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FRANKIE GOES TO MOLLY'S

4 mins read

Our restaurant reviewer visits the Geffrye Museum, where there yes, is a problematic statue, but also, a generous and charming cafe.Whether you think the statue should stay or go, I do think you should go to the Museum’s new restaurant, Molly’s. Not least because profit at Molly’s supports the Museum, and it is a result of the government being the Museum’s main financial sponsor that it holds so much sway. But, also, because Molly’s is delightful. If Geffrye is divisive, Molly’s is determined to please everyone. It is a collaboration with the people behind three of London’s most excellent food pubs – the Anchor and Hope, Canton Arms and Clarence Tavern. And depending which door you enter through, Molly’s serves as a pub too. Just as inside the Museum one wanders through an enfilade of rooms showcasing interiors of different eras from the 1630s to the 1990s, here you walk through the pub and suddenly find yourself in a primary-coloured canteen with cakes and Allpress coffee on offer. This merges into a highly ‘grammable foliage-draped dining room – and then, through another door, into a terrace, one with that makeshift, very London feel, unlikely to be used 10 months of the year because it’s raining and we’ve all vanished inside.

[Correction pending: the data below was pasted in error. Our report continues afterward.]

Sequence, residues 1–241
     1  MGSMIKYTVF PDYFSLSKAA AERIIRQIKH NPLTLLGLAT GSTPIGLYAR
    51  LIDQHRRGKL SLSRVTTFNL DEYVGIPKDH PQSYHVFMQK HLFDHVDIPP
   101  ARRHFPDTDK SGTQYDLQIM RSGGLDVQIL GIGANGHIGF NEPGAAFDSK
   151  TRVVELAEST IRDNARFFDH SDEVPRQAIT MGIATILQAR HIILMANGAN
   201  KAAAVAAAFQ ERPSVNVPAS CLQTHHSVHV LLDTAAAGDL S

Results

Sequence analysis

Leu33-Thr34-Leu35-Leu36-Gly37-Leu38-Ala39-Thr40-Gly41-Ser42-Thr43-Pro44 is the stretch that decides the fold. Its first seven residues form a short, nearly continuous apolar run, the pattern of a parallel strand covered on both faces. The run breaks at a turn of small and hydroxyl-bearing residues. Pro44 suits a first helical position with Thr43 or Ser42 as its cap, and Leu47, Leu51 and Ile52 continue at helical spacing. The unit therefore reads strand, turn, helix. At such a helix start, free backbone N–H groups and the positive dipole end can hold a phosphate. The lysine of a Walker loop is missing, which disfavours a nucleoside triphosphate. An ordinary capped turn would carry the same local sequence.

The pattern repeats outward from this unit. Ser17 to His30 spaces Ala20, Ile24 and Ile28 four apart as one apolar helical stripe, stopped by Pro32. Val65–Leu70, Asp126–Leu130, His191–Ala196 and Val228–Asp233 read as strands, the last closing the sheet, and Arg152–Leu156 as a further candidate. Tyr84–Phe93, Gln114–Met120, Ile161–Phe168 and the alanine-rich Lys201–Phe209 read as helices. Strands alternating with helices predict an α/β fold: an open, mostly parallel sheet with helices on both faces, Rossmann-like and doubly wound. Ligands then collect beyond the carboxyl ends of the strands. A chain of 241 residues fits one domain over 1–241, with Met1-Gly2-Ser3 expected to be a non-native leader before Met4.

Molly’s is generous and charming, as is the Europe-hopping, daily-changing, something-for-everyone menu of small plates and large. On my visit there are panelle, saucy little Sicilian chickpea flour fritters, chive-flecked and Maldon-dusted and so good that I burn my tongue twice in greed. There is a rugged, olive oil-sheened gazpacho with grated egg and excellent croutons. Russian salad is a menu staple: that ultimate un-salad of mayonnaise with potato, egg and peas. I once lived off Russian salad for a week in Spain when, with infallible 17-year-old logic, I realised that I needn’t spend any money on food if I kept drinking beer in bars and eating the free tapas. Here at Molly’s, any sense of parsimony is nullified both by sheer quantity, and the absurdly generous pile of smoked salmon that comes with it for £11. There are some lovely rainbow-hued beetroots snuggled under a big blob of sheep’s ricotta – basic, but delicious, and as summery as the smell of Hawaiian Tropic.

On a sunny weekend, I would happily linger over three or four of these summer-ripe small plates with a bottle and a friend. On a more typical British summer day, I might pop inside for one big plate – something salad-y, like the very good chicken Caesar or a Nicoise – or a coffee and hunk of poppyseed cheesecake. There are also heftier gastropub classics, T-bone to share, or veal chop, or baked cumin lamb with Greek salad; excellent looking Sunday roasts and overflowing lunchtime baps for six quid too. Crowd-pleasing, good value, and far better than necessary for a museum caff.

And of course, you could have a lovely time at Molly’s without knowing a thing about slaveowner Robert Geffrye. But I think context is important, and if a problematic statue is retained, it’s worth explaining that it is because the wishes of those who actually work in and live around the Museum have been wilfully ignored.

1 Geffrye St, London E2 8JH